Sweet strawberry scones.

Someone’s all dressed in red for the big v-day tomorrow. And it’s not me. Pink is more of my color.I have been a big fan of making scones since my first batch earlier this summer. Like most of my favorite recipes, they are simple to make, have relatively few ingredients, and have just the slightest feel of “fancy.” Another thing I adore about them is that there are quite literally endless possibilities for adaptation.

When it come right down to it though, the cause of my love for scones is how much my husband enjoys them as well. I came from a family that loves breakfast- we had “breakfast for dinner” night several times a month and would gather ’round the table saturday mornings for good ol’ flapjacks and scrambled eggs. My husband does not share the same sentiment- most days he would rather get breakfast over with in the form of a smoothie than sit down and celebrate the morning meal.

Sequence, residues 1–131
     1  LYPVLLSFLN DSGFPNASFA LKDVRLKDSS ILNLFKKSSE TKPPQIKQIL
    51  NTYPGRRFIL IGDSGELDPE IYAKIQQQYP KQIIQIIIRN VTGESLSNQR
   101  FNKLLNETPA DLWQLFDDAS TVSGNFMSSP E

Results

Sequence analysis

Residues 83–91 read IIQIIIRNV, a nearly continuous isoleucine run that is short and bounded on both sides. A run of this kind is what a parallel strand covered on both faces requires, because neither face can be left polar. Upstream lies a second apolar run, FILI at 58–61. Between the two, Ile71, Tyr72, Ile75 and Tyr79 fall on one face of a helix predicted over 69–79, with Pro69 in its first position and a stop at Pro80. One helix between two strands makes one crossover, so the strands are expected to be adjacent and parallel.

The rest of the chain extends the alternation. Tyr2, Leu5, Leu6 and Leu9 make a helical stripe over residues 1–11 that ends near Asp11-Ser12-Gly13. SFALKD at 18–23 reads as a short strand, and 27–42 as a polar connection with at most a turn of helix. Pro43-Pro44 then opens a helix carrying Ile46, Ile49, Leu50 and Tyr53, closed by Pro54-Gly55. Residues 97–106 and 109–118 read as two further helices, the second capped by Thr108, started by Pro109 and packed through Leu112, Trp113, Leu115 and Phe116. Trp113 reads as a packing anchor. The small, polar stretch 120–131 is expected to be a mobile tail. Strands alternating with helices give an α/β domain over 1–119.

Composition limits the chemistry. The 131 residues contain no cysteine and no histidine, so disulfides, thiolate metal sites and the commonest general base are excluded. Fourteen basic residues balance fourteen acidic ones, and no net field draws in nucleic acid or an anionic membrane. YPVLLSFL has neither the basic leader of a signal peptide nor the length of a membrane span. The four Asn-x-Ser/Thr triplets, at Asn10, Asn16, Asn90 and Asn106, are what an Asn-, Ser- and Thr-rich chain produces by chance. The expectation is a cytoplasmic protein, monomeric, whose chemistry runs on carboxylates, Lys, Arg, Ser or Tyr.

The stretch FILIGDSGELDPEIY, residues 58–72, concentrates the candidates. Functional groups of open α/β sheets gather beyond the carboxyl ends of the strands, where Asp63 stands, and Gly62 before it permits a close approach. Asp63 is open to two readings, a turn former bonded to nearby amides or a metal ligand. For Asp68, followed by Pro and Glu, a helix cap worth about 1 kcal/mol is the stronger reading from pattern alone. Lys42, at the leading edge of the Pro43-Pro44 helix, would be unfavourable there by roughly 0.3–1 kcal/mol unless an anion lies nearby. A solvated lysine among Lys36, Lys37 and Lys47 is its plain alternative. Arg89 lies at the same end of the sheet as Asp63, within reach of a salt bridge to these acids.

Scones are the one breakfast item that he and I can enjoy together. For this day celebrating love and romance, I baked up something that would inspire him to say, “ah, be still my heart!” and that I would enjoy as well.

This is a basic recipe for scones, given to me by my lovely friend Julia, that I nearly have memorized at this point:

  • 1 cup flour (all-purpose works best)
  • 1/4 cup sugar
  • 1 t. baking powder
  • 1/4 t. salt
  • 1/6 cup COLD butter
  • 1/2 egg
  • 1/4 cup milk
  • 1/2 t. pure vanilla extract